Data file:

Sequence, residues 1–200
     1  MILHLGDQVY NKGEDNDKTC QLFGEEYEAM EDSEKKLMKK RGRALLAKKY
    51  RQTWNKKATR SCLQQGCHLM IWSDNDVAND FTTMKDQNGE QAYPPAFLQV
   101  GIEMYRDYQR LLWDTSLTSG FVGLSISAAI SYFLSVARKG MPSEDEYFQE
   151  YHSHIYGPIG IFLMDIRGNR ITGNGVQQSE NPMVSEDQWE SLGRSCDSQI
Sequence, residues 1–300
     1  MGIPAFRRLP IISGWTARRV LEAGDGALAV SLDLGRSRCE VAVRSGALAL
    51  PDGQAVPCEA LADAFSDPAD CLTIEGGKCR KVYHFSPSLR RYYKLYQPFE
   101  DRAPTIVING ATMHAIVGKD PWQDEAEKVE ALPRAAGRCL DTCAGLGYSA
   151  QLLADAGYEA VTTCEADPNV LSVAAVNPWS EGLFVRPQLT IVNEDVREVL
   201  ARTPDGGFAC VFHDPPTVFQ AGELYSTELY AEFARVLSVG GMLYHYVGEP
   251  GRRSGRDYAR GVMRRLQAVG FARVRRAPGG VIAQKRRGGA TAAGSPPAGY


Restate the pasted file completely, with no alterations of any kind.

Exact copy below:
Sequence, residues 1–200
     1  MILHLGDQVY NKGEDNDKTC QLFGEEYEAM EDSEKKLMKK RGRALLAKKY
    51  RQTWNKKATR SCLQQGCHLM IWSDNDVAND FTTMKDQNGE QAYPPAFLQV
   101  GIEMYRDYQR LLWDTSLTSG FVGLSISAAI SYFLSVARKG MPSEDEYFQE
   151  YHSHIYGPIG IFLMDIRGNR ITGNGVQQSE NPMVSEDQWE SLGRSCDSQI
Sequence, residues 1–300
     1  MGIPAFRRLP IISGWTARRV LEAGDGALAV SLDLGRSRCE VAVRSGALAL
    51  PDGQAVPCEA LADAFSDPAD CLTIEGGKCR KVYHFSPSLR RYYKLYQPFE
   101  DRAPTIVING ATMHAIVGKD PWQDEAEKVE ALPRAAGRCL DTCAGLGYSA
   151  QLLADAGYEA VTTCEADPNV LSVAAVNPWS EGLFVRPQLT IVNEDVREVL
   201  ARTPDGGFAC VFHDPPTVFQ AGELYSTELY AEFARVLSVG GMLYHYVGEP
   251  GRRSGRDYAR GVMRRLQAVG FARVRRAPGG VIAQKRRGGA TAAGSPPAGY